TLC–Kindness in the Classroom: Modeling Self-Kindness for Students

A smiling, confident female teacher in the classroom
Image via The Lincoln Center for Family and Youth

“How far that little candle throws his beams! So shines a good deed in a weary world.”

~ William Shakespeare, The Merchant of Venice

It may be tougher than ever for teachers to model self-kindness and be kind to themselves. The pressures and expectations teachers face today have only grown with the increasing needs of struggling students who’ve lost serious socioemotional and academic ground during the COVID lockdown and subsequent recovery.

Under such conditions, there are often mounting feelings of frustration, inadequacy, and overwhelm in trying to meet the needs of administration, students, family, and self. While trying to accommodate the legitimate needs of others, many teachers inadvertently neglect self-care and kindness to themselves—which can lead to prolonged stress, exhaustion, and occasionally burnout.

This first article in a series on “Kindness in the Classroom,” explores the idea of teachers practicing and modeling self-kindness. Why start here? Because teachers set the heartbeat of the classroom.

One study showed that teachers’ commitment to intentional mindfulness and modeling self-kindness was linked to stronger emotional well-being and decreased likelihood of teacher burnout. But equally encouraging, these practices of self-kindness increased teachers’ tendency to exhibit feelings of compassion toward others.

In other words, the study suggests that when teachers are kinder to themselves—they have more kindness available to extend to their students. It creates a ripple effect.

Caregiving professionals (including teachers) often neglect to include themselves in the circle of compassion they innately extend to others. Here are some ways teachers can begin to build mindful self-kindness in their daily lives:

  1. Recognize that the struggles and challenges teachers face are normal for caring people under pressure. When teachers encounter feelings of overwhelm or inadequacy, they can stop and recognize that their struggles are completely normal for any caring person facing such weighty demands—and that a number of the obstacles they face are systemic challenges beyond their control. Keeping things in perspective can help teachers reduce stress, frustrations, and any negative self-talk that might occur on those tough days when they feel like they’re falling short.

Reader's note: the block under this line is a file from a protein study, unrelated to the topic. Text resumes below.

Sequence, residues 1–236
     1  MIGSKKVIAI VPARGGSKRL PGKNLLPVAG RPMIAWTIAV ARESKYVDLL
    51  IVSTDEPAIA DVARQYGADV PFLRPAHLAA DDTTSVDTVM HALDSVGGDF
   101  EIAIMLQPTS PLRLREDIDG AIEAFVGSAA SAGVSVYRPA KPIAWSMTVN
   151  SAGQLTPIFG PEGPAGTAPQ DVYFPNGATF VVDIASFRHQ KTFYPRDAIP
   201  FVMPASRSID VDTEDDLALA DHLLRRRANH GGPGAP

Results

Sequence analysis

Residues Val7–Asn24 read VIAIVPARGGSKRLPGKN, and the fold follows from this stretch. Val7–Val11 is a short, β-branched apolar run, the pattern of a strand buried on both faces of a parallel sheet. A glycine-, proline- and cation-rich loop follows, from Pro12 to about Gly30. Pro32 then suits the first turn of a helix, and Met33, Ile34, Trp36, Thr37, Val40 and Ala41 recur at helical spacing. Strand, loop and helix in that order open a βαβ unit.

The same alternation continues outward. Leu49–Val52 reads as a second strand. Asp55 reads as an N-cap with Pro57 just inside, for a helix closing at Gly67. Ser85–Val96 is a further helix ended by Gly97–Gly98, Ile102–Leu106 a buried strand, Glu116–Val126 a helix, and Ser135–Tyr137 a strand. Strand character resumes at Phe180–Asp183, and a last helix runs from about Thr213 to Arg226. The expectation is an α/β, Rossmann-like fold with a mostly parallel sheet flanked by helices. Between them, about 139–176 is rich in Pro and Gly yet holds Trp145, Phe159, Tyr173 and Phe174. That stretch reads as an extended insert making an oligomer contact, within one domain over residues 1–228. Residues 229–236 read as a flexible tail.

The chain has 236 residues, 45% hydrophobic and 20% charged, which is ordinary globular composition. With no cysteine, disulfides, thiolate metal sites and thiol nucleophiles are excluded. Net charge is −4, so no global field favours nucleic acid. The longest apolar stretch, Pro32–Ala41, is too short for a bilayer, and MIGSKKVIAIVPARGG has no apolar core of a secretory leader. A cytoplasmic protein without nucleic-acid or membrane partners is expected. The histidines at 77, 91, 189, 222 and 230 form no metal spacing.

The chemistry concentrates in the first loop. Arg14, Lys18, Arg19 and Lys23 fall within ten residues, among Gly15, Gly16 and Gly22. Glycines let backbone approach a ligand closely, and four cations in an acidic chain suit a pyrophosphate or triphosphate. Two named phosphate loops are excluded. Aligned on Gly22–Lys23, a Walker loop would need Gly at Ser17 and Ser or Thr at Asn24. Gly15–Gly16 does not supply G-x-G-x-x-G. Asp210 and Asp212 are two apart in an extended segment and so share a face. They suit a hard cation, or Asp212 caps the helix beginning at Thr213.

• Reframe the way teachers respond to their own shortcomings. Teachers can be exceptionally adept at restorative words and actions when students face failure, make a mistake, or are unable to meet an expectation. The challenge is to respond to themselves in this same way—as if they were coming alongside a friend or student. If teachers can first stop and imagine how they would respond to anyone else they cared about, self-kindness can begin to grow more naturally. This can be as simple as stopping to ask themselves, “What is causing you to be afraid, angry, frustrated? What do you need right now?” Over time, teachers can gradually become more aware of the impact of their own thoughts, words, and actions on their well-being.
  • Replace the inner critic with the voice of a caring friend. In The Mindful Self-Compassion Workbook, Dr. Kristen Neff set out guidelines for adopting phrases meant to be spoken internally as one would speak to and encourage a friend. According to Dr. Neff, kind self-talk should be:
  • “simple, clear, authentic, and kind,” just as a good teacher would speak to a struggling student who needed guidance.
  • spoken lovingly as one would speak to a friend – and received as if a caring friend were speaking.
  • reinforcing good intentions, not denying reality. For example, “I can grow stronger and healthier,” rather than “I am not sick.”
  • affirming emotional freedom, and not imply any expectation to feel a certain way.

Classroom culture, expectations, and norms begin with the teacher. Students can either learn that they need to come into the classroom armored up or arrive with expectations of kindness to themselves and each other, largely based on the teacher’s social cues. The re-shaping of expectations begins with a kinder inner voice.

“With the burnout issues teachers face today, taking care of themselves through work/life balance…isn’t enough. Teachers need to give themselves permission to be self-compassionate for the stress they’re under,” encourages Dr. Kristen Neff. Over time, as teachers develop the habit of being kind to themselves, they reduce negative emotions and can keep their emotions in balance even when navigating tough situations.

About TLC

The Lincoln Center for Family and Youth (TLC) is a social enterprise company serving the Greater Philadelphia Area. Among its five divisions, TLC offers School-based Staffing Solutions, Mobile Coaching and Counseling, and Heather’s Hope: A Center for Victims of Crime. These major programs are united under TLC’s mission to promote positive choices and cultivate meaningful connections through education, counseling, coaching, and consulting. For more information, go to:

About the Author

MaryJo Burchard (Ph.D. in Organizational Leadership) is co-founder and principal of Concord Solutions, a Virginia-based consultancy firm focused on helping leaders and organizations thrive while facing major disruption. Concord Solutions offers consulting, coaching, training, research, and keynote speaking surrounding trauma-informed leadership and assessing and building change readiness, trust, and belonging

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